Judy Lewis

b. Judy Levine, 19 February 1958, Milwaukee, Wisconsin, USA. From age seven, Lewis studied classical piano, subsequently winning competitions throughout the Midwest. In New York City she continued with…
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Artist Biography

b. Judy Levine, 19 February 1958, Milwaukee, Wisconsin, USA. From age seven, Lewis studied classical piano, subsequently winning competitions throughout the Midwest. In New York City she continued with her studies, now at Columbia University, but gradually moved from the study of music to the study of religion. When she was 20, she moved to Israel where she continued to perform while also searching for spiritual meaning in her life. Although successful as a performer, in 1981 she abandoned playing entirely to concentrate on spiritual matters and also married a fellow student. It was not until 1991, now the mother of four children, that Lewis began playing the piano again. In 1995, her marriage ended and she decided to return to a career in music. In addition to performing, Lewis had obtained the necessary qualifications at the Rubin Academy of Music in the 90s and was able to support herself and her children by teaching.

Although her abilities had not waned during the long lay off, Lewis was dissatisfied with the classical form and by the mid-90s had turned to jazz. The catalyst came in Los Angeles when for the first time she attended a jazz concert and she was soon practising extensively and familiarizing herself with the work of jazz pianists such as Chick Corea, Bill Evans, Tommy Flanagan, Red Garland and Keith Jarrett. She also began composing her own music, formed a group, the Back Alley Jazz Quintet, and made her jazz debut in 1996. By the following year, though, Lewis had brought the group down to a trio. Soon she had a strong reputation in Israel, something that was gradually expanded during the next few years through tours of Europe and appearances in the USA. In 2002 she released a solo set, Waiting On A New Day, and then, in 2003, formed a fusion band, Phoenix Over Manhattan, in which she played keyboards. At first electronic, 2004 found POM changing to an acoustic band and No Expectations was greeted warmly by critics.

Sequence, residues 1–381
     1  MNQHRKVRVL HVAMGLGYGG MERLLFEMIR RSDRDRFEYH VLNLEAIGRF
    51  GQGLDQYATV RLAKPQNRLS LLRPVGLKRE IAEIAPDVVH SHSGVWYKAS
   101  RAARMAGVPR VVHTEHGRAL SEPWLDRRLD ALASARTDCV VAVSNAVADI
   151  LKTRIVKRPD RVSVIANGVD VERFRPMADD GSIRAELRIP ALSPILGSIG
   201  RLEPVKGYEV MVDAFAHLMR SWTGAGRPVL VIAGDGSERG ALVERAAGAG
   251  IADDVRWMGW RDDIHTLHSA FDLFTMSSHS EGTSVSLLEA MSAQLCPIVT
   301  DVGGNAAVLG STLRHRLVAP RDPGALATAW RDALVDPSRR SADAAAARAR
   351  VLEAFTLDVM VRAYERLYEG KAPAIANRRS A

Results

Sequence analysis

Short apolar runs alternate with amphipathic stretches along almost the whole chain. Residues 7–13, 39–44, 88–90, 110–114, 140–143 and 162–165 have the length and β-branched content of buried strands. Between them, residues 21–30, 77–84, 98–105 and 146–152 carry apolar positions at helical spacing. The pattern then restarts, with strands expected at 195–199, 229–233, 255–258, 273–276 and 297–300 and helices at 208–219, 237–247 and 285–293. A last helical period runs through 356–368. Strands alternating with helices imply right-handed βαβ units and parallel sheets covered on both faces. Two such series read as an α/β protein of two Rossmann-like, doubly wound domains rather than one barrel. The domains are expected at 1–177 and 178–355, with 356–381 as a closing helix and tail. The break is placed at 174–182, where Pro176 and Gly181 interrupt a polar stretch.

Energetic, enthusiastic and determined, Lewis has brought to her concept of jazz a vibrancy that was welcomed by many for its contrast to the smooth jazz outpourings of the early 00s. Lewis also operates a recording company, Visionary Insomniac Records.